You wouldn’t do it, of course, but some people who want to make themselves look good lie about the books they’ve read. They’re not bad people, they just don’t have time to read those big, intimidating books. The Federalist has a list of the top ten books that people say they’ve read when they haven’t.
Some years ago, an entrepreneur named Lan England wanted to know what was inside the world’s greatest works of literature, but he simply didn’t have time to read them. So with the help of a lot of well-read people, he came up with a delightful three volume set of books designed to fill that gaping hole in his knowledge base.
Each of the three volumes contains over one hundred condensed books and articles on such wide-ranging topics as biography, philosophy, health and fitness, poets and their poetry, self-help, and even the basics of such sports as baseball and basketball. The best part is that almost every condensation is a mere two pages long. Don’t have time to wade through Herman Melville’s Moby Dick? No problem, it’s covered on pages 303 and 304 of Volume I. Don’t have time to fight your way through Tolstoy’s 1200 page classic War and Peace? Read the two page summary on pages 227 and 228 of Volume 2 instead. Love Shakespeare, but find Elizabethan English daunting? Try these quick summaries of King Lear and Romeo and Juliet written in modern English.
If you’re trying desperately to get ahead, but something just isn’t clicking, you may need to read The Seven Habits of Highly Effective People by Steven Covey or The One Minute Manager by Kenneth Blanchard and Spencer Johnson. Just for the fun of it you can explore sections on famous quotations, 500 vocabulary building words, and trivia about geography, history, art, architecture, literature and music. You’ll also find two page biographies of a number of great people including Churchill, Galileo, Einstein, Patton, Jackie Robinson, and Martin Luther King, Jr. There is literally something for everybody in each of these three delightful and entertaining volumes.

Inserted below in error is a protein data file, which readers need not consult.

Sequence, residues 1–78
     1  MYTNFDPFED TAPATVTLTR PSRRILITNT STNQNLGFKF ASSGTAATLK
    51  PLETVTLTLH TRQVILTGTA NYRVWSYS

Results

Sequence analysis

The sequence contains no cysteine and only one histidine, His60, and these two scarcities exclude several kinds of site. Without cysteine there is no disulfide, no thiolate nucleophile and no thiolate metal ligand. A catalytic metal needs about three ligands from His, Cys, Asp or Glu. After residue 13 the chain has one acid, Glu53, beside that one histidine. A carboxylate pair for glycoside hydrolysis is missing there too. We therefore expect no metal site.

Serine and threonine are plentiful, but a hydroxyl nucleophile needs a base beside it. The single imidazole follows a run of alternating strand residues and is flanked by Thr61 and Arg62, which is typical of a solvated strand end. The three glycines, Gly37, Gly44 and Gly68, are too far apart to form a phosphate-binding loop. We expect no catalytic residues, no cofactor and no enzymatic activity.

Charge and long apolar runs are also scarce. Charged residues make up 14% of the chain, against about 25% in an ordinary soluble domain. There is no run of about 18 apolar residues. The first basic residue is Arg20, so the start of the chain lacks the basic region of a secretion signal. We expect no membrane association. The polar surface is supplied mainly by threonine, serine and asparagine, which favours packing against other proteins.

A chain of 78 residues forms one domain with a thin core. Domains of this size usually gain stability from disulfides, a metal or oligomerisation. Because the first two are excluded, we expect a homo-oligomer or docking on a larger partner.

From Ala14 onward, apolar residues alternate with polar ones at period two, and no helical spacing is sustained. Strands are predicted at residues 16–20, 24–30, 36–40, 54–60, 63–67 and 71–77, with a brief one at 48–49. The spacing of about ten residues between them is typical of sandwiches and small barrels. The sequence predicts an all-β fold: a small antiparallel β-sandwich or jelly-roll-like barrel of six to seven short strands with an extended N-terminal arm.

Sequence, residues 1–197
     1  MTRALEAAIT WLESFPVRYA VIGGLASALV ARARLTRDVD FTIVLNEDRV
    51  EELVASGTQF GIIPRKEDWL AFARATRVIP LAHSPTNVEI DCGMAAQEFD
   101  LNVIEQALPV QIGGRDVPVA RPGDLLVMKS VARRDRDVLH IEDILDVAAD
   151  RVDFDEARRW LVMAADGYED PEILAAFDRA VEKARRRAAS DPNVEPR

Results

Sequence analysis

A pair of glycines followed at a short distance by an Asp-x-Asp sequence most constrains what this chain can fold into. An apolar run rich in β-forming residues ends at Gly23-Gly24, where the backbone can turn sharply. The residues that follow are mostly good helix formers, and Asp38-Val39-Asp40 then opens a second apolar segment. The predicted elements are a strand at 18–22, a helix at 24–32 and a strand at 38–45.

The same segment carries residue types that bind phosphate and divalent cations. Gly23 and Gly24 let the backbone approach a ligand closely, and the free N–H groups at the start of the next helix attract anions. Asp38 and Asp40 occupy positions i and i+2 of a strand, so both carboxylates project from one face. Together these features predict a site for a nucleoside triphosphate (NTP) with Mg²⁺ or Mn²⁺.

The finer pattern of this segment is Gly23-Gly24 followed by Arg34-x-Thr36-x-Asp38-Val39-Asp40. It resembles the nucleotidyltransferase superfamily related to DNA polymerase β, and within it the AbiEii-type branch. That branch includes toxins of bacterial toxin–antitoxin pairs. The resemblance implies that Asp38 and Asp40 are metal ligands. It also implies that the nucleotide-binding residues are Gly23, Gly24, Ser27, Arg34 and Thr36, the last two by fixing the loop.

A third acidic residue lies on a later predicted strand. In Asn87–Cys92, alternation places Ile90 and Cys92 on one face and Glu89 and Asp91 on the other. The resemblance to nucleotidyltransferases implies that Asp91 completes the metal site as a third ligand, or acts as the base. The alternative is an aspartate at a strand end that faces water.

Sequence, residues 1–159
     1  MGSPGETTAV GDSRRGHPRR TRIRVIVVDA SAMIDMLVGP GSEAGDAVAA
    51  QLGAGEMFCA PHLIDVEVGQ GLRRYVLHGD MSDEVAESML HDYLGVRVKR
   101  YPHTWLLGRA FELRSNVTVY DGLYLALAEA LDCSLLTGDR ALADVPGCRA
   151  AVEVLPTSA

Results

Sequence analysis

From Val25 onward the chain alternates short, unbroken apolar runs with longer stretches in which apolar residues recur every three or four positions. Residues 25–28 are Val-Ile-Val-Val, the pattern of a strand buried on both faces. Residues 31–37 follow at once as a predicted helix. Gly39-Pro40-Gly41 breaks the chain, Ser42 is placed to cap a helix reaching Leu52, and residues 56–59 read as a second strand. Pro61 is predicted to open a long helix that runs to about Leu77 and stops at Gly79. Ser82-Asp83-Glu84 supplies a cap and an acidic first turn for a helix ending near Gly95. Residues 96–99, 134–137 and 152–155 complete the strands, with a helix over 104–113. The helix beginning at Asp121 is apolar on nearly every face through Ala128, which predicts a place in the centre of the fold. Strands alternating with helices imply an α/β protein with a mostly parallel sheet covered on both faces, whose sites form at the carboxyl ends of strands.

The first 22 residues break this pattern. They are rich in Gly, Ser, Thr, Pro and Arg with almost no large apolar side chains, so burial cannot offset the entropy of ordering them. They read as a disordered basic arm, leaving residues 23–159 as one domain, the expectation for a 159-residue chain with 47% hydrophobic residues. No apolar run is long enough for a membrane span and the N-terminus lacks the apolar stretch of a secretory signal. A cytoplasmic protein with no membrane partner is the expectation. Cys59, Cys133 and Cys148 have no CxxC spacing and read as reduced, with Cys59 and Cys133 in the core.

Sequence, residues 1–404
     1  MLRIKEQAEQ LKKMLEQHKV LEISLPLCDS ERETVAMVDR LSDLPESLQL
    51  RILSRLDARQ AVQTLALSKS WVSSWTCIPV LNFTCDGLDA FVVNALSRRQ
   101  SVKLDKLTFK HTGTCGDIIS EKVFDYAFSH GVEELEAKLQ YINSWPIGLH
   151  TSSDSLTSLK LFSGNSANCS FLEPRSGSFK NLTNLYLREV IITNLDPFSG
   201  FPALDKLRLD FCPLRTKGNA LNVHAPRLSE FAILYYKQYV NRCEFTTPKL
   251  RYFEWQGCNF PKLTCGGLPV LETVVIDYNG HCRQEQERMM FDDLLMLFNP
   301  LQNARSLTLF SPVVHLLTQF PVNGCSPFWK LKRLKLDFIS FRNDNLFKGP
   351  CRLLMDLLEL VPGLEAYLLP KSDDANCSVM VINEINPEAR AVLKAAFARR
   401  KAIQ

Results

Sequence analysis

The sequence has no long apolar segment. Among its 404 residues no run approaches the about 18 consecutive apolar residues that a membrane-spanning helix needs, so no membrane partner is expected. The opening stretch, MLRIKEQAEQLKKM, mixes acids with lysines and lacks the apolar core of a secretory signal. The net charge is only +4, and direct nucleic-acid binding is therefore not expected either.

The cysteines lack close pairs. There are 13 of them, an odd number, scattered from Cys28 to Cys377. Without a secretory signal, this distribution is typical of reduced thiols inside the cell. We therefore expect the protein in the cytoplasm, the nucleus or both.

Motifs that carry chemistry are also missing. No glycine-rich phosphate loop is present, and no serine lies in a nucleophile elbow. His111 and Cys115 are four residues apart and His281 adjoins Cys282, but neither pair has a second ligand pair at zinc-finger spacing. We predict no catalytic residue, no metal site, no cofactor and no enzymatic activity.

You would think that books that offered so much would “sell like hotcakes,” as they say. Unfortunately, under the original title, Compact Classics, the books didn’t sell well at all. When England’s friends told him where they were reading his books, he decided to rename the set, The Great American Bathroom Book with the subtitle, “Single-Sitting Summaries of All-Time Great Books.” They say “you’ve gotta have a gimmick,” and that was England’s gimmick. With the name change, sales went from mediocre to WOW!
The Great American Bathroom Book set has been out of print at times, but is available at present in various formats.